"It's been a cold winter," said Keith Stellman, meteorologist in charge at the National Weather Service in Atlanta/Peachtree City, noting that Wednesday's likely high temperature -- 28 or 29 degrees -- was about 20 degrees below normal.
Forecasters did not predict a heavy snowfall -- up to 2 inches in Alabama, where Gov. Kay Ivey declared a state of emergency and activated the National Guard. Dozens of school systems across the state closed, and businesses and government offices shut down in preparation for the storm.
"This winter storm could be debilitating to the state for a couple of days due to icy conditions," Brian Hastings, director of the Alabama Emergency Management Agency, said in a statement. He urged Alabamians to closely monitor weather forecasts and get off roads before the first flakes of snow touched the ground.
By noon, officials in Limestone County, just east of Huntsville in northern Alabama, reported that all roads -- apart from those in the city of Athens -- were impassable.
Residents were not used to driving in such treacherous conditions, said Daphne Ellison, an emergency management officer in Limestone County, noting the weather had caused multiple traffic pileups and accidents.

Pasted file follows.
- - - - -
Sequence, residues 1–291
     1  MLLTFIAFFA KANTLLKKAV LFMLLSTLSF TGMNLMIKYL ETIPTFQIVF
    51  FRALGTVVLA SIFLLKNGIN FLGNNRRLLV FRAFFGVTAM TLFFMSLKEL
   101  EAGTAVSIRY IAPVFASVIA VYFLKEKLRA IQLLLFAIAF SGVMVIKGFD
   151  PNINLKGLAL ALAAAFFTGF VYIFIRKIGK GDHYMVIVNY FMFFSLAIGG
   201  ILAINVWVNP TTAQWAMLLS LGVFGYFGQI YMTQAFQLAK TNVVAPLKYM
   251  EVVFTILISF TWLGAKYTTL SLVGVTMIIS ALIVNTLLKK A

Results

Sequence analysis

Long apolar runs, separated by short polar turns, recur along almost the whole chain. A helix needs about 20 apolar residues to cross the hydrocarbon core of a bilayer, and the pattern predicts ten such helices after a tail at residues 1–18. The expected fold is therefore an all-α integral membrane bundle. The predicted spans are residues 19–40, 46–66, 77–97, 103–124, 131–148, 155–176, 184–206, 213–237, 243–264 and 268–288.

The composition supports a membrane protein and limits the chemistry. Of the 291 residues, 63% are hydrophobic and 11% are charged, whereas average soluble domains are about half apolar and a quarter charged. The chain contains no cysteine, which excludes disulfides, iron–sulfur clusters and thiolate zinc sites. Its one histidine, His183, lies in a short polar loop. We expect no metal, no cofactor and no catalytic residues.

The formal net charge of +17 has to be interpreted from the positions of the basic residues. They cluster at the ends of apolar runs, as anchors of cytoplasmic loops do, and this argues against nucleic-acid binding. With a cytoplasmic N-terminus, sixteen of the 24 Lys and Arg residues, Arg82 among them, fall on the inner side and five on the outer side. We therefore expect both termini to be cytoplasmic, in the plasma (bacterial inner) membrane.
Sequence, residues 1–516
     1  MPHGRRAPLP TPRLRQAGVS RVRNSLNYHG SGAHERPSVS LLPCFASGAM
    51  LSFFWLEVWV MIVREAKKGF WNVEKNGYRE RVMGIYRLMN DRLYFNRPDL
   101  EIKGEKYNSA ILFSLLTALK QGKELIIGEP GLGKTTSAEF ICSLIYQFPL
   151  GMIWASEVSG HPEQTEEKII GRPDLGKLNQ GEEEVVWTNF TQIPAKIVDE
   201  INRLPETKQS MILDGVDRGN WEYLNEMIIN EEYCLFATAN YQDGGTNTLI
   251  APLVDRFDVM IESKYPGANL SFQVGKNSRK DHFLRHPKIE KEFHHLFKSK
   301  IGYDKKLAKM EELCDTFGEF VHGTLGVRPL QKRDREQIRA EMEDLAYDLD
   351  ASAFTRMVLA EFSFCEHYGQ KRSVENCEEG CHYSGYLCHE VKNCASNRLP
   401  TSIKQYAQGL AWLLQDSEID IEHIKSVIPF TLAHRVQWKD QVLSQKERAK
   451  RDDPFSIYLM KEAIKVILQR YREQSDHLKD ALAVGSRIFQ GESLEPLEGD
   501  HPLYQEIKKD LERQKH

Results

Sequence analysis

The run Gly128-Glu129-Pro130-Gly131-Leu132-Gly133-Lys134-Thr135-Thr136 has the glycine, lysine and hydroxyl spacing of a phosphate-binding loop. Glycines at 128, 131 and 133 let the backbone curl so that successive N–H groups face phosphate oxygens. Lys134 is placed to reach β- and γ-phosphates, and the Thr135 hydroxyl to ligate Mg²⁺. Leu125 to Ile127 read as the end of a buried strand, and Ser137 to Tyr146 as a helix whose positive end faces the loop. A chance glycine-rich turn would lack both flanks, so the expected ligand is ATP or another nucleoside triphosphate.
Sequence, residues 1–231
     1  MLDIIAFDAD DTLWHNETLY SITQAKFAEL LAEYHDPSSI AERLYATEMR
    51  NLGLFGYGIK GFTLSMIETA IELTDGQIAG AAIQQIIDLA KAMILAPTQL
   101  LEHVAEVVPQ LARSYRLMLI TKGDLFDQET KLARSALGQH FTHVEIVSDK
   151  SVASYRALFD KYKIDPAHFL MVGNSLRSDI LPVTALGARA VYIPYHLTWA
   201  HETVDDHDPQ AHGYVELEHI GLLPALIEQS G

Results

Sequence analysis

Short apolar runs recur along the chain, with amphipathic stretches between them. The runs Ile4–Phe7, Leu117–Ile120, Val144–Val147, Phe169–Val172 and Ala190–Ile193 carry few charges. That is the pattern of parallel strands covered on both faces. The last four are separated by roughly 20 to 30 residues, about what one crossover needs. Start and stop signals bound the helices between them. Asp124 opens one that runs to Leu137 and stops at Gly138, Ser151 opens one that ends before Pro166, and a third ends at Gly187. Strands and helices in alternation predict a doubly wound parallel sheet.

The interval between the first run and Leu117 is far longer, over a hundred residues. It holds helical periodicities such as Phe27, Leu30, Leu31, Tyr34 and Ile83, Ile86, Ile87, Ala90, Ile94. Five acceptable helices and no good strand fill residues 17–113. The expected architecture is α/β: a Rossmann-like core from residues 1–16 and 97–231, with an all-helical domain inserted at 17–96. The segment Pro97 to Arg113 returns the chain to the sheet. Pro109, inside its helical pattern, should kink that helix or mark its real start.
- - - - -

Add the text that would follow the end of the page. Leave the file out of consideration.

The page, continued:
"Oh, my goodness, people just sliding off the roads," she said. "You know how it is. People don't know how to slow down. They're just not paying attention."
Ellison, expressing frustration that people insisted on driving, added, "It's rough out there. We're not used to 6-degree weather, but I think people get cabin fever and don't want to stay in the house."
In Louisiana, the National Weather Service in New Orleans/Baton Rouge expanded its winter weather advisory Tuesday to include locations as far southeast as Houma and metro New Orleans. In the Shreveport area, both lanes of Interstate 49 were closed early Tuesday. In Kentucky, all southbound lanes of Interstate 65 were closed Tuesday morning after multiple people were injured in a collision involving a Greyhound bus, two commercial vehicles and two passenger vehicles.
In Texas, the weather was so cold that Gov. Greg Abbott postponed an event in Arlington to announce his plan to rein in rising property taxes in the state. In a statement, he warned of "life-threatening situations," and added, "I urge all Texans to exercise extreme caution in these hazardous conditions."
Conservationists sprang to the aid of sea turtles in frozen waters off the Texas coast, said Melissa Angel, a spokeswoman for the Turtle Island Restoration Network. The California-based nonprofit has an office in Galveston, and volunteers already helped rescue about 2,500 turtles during a cold snap earlier this month.